When Amanda Gorman was announced as the My angel is always with me shirt in other words I will buy this first-ever National Youth Poet Laureate in 2017, the attention was, quite rightly, placed on her preternatural abilities as a wordsmith. Then 19 years old, she performed her original poem “In This Place: An American Lyric” at the Library of Congress, weaving a story of contemporary America that touched on everything from DACA to mass shootings to the Charlottesville riots, while still maintaining a sense of beauty and hope. The piece now sits in New York’s Morgan Library & Museum alongside works by some of the greatest figures from American literary history.Indeed, for all the impressive cultural literacy that underpins Gorman’s style choices, at the end of the day, it’s really the simple yet palpable sense of joy she finds in clothing that radiates strongest. Whether the joyous sunburst of canary yellow of her coat at the inauguration, the opalescent sparkle of a Chanel jacket in an Instagram post by her stylist, or the regal, Kente cloth-inspired Louis Vuitton dress she wears on the cover of Vogue, Gorman understands and embodies the chameleonic possibilities of clothes to shape who we are and how we present ourselves to the world. It’s this balance of creativity, intellect, and good old-fashioned fun that makes Gorman a new kind of American style icon.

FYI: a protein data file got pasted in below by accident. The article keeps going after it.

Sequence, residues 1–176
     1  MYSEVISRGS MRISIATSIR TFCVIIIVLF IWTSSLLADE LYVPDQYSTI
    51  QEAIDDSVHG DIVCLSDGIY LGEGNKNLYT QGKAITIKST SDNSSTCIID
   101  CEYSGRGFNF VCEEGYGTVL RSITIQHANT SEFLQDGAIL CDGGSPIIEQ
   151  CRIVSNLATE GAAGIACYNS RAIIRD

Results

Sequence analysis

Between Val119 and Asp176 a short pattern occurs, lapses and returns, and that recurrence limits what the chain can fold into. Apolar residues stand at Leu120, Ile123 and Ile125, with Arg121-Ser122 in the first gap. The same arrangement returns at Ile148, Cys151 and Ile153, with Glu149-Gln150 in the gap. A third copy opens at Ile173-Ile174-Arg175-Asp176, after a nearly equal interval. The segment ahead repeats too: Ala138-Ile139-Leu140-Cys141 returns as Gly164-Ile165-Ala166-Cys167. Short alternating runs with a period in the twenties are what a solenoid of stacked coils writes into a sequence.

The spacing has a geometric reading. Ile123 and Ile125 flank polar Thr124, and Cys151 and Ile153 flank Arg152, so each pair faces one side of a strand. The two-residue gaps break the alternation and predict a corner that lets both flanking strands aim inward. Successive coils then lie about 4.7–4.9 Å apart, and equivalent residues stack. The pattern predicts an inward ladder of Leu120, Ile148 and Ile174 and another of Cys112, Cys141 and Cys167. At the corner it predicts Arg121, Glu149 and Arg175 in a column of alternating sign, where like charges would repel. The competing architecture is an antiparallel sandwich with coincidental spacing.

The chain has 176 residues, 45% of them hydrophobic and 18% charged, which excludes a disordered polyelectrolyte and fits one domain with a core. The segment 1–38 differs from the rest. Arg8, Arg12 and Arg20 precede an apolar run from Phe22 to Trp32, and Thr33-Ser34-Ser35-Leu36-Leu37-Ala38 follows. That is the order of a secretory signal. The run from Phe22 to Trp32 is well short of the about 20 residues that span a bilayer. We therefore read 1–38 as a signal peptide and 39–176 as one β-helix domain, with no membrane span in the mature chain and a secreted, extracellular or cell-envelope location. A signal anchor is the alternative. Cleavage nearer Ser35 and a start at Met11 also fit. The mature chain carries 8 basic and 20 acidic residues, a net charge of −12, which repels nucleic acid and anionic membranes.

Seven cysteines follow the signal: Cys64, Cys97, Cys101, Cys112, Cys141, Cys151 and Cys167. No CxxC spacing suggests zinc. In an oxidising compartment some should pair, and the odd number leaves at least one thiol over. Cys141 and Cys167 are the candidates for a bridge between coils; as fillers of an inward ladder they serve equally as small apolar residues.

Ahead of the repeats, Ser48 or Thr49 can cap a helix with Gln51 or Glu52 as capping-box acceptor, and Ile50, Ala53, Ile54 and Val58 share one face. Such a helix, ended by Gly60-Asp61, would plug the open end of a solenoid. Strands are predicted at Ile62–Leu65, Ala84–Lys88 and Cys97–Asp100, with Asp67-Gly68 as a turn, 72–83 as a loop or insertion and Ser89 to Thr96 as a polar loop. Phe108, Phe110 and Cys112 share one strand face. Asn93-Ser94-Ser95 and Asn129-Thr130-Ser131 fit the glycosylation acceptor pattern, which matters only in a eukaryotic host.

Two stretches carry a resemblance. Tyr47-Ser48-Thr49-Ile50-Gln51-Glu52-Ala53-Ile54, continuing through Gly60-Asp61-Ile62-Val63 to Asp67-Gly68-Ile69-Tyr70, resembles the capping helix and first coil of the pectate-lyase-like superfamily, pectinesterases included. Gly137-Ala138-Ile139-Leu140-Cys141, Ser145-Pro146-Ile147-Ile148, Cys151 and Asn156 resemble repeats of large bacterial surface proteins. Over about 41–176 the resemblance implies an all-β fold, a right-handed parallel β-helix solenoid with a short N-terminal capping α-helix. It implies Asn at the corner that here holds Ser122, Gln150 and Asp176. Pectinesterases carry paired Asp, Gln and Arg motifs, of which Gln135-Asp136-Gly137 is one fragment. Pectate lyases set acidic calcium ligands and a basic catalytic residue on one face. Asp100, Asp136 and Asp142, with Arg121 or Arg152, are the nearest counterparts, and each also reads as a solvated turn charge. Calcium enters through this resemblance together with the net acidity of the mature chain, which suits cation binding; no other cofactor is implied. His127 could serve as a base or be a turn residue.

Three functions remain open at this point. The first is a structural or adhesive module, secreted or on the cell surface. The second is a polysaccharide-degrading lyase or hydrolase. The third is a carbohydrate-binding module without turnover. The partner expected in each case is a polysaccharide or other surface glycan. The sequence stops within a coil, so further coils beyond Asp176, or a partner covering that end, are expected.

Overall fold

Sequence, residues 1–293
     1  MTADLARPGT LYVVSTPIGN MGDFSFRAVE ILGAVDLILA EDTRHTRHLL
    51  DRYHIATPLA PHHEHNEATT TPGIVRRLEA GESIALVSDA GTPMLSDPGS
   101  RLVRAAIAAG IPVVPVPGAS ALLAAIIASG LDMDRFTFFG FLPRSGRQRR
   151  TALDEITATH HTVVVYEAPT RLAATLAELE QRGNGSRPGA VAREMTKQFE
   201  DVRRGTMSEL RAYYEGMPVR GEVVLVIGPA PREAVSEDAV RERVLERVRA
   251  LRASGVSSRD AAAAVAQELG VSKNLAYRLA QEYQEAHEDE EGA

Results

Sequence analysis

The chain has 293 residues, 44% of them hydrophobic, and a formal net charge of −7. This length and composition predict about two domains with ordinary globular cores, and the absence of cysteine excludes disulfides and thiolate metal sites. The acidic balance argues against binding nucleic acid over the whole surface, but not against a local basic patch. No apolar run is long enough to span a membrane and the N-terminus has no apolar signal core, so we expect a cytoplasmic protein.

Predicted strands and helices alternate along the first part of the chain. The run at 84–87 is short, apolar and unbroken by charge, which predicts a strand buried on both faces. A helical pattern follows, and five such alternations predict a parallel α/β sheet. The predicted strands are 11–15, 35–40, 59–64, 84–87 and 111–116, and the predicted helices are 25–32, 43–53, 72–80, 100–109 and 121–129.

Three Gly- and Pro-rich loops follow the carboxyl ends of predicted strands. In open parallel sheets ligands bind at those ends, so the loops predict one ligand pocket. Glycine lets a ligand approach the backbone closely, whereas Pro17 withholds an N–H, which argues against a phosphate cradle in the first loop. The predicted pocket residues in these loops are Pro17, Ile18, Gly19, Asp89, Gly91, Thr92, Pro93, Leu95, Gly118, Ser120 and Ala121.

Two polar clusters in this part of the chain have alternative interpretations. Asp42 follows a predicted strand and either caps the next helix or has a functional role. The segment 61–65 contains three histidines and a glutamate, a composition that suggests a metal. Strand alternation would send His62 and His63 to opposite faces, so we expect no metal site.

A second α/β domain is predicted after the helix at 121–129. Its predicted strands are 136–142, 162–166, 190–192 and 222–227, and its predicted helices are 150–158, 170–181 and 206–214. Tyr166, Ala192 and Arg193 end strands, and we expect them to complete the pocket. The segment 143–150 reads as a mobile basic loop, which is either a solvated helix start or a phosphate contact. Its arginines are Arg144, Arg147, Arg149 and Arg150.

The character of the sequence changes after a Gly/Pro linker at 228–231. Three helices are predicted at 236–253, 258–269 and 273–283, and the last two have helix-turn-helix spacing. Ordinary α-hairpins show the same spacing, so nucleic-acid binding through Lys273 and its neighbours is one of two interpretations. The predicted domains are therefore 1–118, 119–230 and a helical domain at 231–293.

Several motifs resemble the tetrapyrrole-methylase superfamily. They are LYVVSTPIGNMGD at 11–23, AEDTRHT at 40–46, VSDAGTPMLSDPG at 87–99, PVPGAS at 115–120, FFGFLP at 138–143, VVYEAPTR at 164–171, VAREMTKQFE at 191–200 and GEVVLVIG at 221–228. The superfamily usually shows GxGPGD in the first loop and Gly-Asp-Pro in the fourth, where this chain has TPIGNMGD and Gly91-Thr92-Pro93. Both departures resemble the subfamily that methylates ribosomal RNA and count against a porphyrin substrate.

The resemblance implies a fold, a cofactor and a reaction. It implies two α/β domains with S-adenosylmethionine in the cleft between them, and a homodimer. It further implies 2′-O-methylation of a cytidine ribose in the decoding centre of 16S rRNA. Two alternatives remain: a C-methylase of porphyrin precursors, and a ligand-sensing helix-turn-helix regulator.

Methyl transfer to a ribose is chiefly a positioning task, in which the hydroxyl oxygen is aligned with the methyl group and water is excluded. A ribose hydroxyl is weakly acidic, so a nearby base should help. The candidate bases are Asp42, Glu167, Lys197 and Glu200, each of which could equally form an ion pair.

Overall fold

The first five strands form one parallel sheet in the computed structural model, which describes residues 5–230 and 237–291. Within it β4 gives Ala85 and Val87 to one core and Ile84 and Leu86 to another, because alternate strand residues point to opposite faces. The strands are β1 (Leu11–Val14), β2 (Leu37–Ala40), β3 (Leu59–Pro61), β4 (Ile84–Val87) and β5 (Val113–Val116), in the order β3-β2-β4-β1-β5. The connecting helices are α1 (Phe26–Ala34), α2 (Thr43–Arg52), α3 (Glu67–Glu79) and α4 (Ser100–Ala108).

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As she tells Doreen St. Félix in the My angel is always with me shirt in other words I will buy this cover story for Vogue’s May issue, Gorman first texted her contact at Prada was just five days before—“back then the one fashion house with which she had a connection,” St. Félix adds, with an anecdote later in the story noting that the sheer volume of flowers sent by brands afterward was so abundant that they may have potentially triggered an allergic reaction that ended up sending Gorman to hospital. Despite the last-minute nature of bringing the look together, Gorman still approached it with the same care and consideration she did every other aspect of her performance. “Gorman loves how [clothes] help her shape her image,” St. Félix writes, retelling the story behind the genius styling twist of Gorman repurposing the red satin headband as a kind of diadem, and explaining that it was her mother’s suggestion to place it at the fore of her head and wear it like “a tiara, a crown.”